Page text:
The rogue UAS chasing us tried to run there at the end. It did them no good.
K and Jess took the last four of them this morning. It wasn't much of a fight; the last little handful of them camped out a final night, probably deciding whether we were worth dying for. That was their downfall. Some men learn lessons the hardest way possible while others never learn them at all. Had those UAS deserters just gone on their way and left us, they'd still be alive. Mercy isn't beyond most of us, especially not the three survivors in our vehicles, but taking stupid risks is something none of us are inclined toward.
It wasn't even that hard. Those men weren't without skill or determination. They did manage to follow us for a long stretch without being seen. We might have missed them for much longer had one of them held his twitchy trigger finger. They probably even had some good combat ability, but the critical factor against them seems to have been their lack of experience fighting a different kind of war. From their perspective this was a fight against men (and women) and nothing more. The rest of us have battled a war against the world itself for years.
That sounds dramatic and I suppose it is, but it also happens to be the truth. The dead soldiers lit a fire rather than cold camp, which given the time of year was a curious and stupid idea. It ruined their night vision and made them easy to track. They were armed and armored. If we'd have faced them head on there is no doubt in my mind the three of us would be dead ten times over. It seemed as though they expected us to do that. No. No, thank you. Why come at an enemy with every advantage over you head on? I'd much rather move sideways and catch them off guard.
K did that. He and Jess took those last four down almost as an afterthought. The result of our victory is a new vehicle loaded with extra fuel, being driven by K, and all the weapons, armor, ammo and other gear those dead men carried. It's a nice chunk of material which will be spread among the folks joining our community. I expect we'll be the best-prepared small community within a thousand miles. Strange to think of it that way, you know? The end of the world wasn't even a handful of years back and folks are already moving out and homesteading new areas.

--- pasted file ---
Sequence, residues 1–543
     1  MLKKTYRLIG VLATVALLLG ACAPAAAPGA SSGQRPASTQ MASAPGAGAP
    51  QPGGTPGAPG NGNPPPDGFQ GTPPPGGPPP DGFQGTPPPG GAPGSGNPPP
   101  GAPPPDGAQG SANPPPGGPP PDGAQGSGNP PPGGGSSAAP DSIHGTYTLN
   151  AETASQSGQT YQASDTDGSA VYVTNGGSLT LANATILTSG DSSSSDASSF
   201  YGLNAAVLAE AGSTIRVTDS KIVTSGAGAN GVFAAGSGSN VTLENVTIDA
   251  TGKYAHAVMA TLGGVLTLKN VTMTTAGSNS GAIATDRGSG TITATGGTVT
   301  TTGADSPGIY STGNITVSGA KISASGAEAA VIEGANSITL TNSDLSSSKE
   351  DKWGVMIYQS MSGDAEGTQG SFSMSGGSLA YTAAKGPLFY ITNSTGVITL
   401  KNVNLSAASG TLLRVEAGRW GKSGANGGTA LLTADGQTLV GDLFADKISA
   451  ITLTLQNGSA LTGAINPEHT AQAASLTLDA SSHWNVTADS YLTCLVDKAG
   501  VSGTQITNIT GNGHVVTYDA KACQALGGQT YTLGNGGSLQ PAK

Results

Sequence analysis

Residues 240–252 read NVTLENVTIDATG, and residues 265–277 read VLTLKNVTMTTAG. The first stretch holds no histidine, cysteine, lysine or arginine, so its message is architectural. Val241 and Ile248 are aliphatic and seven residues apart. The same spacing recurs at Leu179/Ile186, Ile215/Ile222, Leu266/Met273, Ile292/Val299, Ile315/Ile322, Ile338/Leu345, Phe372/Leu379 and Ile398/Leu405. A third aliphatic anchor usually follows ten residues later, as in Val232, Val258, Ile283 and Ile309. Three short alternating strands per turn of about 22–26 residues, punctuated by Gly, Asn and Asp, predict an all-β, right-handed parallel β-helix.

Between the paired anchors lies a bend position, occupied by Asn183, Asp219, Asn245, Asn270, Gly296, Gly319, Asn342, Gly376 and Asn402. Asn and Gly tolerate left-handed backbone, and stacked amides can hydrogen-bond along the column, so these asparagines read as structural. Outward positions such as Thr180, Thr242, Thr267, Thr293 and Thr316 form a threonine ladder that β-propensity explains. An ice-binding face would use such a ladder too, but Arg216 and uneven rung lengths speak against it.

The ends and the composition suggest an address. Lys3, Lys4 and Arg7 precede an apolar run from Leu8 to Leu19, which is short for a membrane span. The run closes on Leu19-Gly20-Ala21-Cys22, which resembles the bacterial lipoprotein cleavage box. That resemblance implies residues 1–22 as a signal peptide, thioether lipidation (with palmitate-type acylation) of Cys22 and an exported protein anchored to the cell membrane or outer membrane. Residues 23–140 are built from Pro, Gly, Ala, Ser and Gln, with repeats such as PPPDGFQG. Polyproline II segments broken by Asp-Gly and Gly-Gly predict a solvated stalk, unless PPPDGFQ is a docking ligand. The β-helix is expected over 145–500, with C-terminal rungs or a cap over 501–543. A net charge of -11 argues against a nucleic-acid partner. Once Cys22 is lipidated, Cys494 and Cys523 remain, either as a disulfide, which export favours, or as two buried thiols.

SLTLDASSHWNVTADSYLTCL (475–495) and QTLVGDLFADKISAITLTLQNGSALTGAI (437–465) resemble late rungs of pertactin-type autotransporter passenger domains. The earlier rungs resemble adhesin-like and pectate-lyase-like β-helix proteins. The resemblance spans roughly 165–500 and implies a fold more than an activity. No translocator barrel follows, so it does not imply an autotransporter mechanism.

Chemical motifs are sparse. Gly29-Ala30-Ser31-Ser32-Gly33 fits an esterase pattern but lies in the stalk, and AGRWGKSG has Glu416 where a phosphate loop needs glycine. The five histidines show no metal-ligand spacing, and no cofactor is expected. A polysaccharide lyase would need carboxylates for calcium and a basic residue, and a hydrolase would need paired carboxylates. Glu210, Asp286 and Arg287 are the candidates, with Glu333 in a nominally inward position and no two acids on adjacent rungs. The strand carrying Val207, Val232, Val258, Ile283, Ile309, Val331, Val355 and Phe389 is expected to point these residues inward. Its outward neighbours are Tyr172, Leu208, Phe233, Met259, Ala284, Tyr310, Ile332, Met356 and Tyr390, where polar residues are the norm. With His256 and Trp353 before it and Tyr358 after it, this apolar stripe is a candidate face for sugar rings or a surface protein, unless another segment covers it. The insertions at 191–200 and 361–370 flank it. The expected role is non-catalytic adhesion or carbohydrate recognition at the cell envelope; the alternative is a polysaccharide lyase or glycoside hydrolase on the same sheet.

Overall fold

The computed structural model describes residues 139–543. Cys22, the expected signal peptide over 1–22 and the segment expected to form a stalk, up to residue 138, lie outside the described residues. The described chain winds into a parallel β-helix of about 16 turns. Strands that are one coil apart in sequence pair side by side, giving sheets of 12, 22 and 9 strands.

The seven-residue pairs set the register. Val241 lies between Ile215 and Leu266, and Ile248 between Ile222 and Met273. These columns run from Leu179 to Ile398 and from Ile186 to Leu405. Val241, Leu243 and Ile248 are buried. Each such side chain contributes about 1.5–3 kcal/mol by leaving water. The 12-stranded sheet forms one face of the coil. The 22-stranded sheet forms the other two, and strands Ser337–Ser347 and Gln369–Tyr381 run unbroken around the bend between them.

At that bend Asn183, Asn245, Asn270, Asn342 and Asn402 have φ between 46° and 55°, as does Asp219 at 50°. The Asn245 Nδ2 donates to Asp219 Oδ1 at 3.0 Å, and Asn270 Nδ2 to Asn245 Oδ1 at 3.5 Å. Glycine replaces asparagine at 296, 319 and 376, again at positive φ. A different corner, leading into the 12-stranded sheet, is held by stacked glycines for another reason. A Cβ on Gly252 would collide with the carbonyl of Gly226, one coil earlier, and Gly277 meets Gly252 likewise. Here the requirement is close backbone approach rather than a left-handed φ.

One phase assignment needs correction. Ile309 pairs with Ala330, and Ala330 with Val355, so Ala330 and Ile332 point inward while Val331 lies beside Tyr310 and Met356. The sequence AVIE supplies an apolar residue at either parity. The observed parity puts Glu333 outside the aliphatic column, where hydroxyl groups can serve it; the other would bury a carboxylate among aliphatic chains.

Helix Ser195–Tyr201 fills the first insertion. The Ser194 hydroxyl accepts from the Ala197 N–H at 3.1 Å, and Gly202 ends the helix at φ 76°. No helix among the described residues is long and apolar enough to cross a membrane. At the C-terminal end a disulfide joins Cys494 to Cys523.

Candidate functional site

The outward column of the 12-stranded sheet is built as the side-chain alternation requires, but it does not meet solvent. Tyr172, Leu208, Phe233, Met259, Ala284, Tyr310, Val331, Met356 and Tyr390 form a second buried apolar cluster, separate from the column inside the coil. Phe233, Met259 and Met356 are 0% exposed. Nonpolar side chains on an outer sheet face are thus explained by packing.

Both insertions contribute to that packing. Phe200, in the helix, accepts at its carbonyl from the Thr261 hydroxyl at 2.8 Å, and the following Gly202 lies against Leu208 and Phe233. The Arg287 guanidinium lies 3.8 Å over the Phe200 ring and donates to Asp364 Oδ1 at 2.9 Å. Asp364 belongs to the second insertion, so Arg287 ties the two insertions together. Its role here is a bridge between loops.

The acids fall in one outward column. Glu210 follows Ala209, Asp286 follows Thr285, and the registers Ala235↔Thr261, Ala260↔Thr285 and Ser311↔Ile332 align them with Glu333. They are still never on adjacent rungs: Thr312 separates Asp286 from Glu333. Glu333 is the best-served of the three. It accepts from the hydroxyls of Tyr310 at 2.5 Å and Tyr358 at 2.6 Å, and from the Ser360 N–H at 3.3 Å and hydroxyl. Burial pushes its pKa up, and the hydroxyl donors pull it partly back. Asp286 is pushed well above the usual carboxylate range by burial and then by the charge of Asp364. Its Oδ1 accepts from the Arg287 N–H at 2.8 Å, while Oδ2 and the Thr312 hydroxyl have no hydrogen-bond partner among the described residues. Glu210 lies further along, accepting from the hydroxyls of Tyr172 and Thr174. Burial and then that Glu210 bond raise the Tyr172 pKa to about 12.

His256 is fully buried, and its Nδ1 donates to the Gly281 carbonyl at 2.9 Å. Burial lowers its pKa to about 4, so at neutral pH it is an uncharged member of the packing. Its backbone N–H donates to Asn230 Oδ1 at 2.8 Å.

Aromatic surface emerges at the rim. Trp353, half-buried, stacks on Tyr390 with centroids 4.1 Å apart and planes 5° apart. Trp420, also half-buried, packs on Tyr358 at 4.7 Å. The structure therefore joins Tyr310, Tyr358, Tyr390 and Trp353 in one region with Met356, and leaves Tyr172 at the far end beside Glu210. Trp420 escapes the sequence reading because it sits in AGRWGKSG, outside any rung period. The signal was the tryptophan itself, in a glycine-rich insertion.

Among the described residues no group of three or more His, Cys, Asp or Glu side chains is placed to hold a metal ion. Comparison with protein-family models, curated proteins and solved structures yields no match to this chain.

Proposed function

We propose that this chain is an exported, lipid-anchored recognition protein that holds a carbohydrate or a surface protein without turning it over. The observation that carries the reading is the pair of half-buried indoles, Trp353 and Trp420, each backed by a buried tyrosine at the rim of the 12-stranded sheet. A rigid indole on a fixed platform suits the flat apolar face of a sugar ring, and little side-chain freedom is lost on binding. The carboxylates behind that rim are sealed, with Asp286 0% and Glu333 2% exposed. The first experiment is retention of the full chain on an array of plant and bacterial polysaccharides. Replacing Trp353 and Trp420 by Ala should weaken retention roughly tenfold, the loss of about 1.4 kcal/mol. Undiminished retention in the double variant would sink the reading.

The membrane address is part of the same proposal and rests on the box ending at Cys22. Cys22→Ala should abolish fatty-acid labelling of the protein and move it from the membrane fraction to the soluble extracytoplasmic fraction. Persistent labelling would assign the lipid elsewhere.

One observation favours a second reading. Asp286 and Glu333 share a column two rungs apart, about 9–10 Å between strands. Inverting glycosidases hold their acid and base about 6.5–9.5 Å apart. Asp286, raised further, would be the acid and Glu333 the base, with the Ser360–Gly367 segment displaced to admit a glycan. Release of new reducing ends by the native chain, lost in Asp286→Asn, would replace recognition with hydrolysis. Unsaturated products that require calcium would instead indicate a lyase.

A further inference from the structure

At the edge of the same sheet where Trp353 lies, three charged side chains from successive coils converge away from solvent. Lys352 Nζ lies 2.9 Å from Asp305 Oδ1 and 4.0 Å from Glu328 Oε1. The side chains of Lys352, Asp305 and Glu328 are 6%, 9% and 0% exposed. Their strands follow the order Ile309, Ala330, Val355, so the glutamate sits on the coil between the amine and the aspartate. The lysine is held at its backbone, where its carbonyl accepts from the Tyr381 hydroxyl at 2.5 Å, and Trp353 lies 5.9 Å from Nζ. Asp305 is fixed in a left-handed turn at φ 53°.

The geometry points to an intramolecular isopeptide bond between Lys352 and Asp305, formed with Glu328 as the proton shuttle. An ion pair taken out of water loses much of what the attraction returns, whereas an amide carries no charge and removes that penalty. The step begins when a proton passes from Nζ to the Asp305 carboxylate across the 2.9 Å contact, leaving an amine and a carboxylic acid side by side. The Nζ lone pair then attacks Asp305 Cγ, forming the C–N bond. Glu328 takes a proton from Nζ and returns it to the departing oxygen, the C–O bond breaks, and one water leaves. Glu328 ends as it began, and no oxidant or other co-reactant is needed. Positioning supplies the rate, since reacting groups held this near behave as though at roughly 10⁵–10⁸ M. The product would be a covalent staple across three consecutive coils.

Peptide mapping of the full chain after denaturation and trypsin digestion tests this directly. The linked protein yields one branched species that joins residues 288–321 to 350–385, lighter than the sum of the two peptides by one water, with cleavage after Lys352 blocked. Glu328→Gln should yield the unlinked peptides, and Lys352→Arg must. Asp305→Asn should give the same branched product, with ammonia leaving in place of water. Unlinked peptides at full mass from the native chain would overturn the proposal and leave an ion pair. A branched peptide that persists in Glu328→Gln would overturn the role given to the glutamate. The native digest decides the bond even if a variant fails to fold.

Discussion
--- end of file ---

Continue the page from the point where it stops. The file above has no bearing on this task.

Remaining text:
Now we're nearly home, only stopping about an hour away to make absolutely certain there are no living people keeping an eye on us. That the dead will follow is a foregone conclusion, we already know that's going to happen if it hasn't already. We can't risk knowledge of our location being spread around. Even our friends and allies don't know where our new compound is located. No one who doesn't live there knows. We'll be doing all our trade by sending out people. It's going to be expensive since the small quantities of gasoline being refined will eat up a large chunk of what we trade for, but it's necessary.
We're shooting to do something better here, something big and unique. I can't give details, but I hope to see results not long from now, even if those results are just a better formula for survivor communities, a design and method to be repeated elsewhere. That's not all we've got planned, not by miles, but as a minimum accomplishment I'd be happy with that as a result.
I see Jess coming back from her recon. I imagine that means we're clear to move. In an hour or so I'll be at my new home, hopefully the last new home I'll ever have, and we can begin working on ways to make this a better world. It's something I'd have loved to do ages ago. Without the pressure and business of being out there in the thick of the new world's growing pains, I think we have a shot at making it happen this time around.
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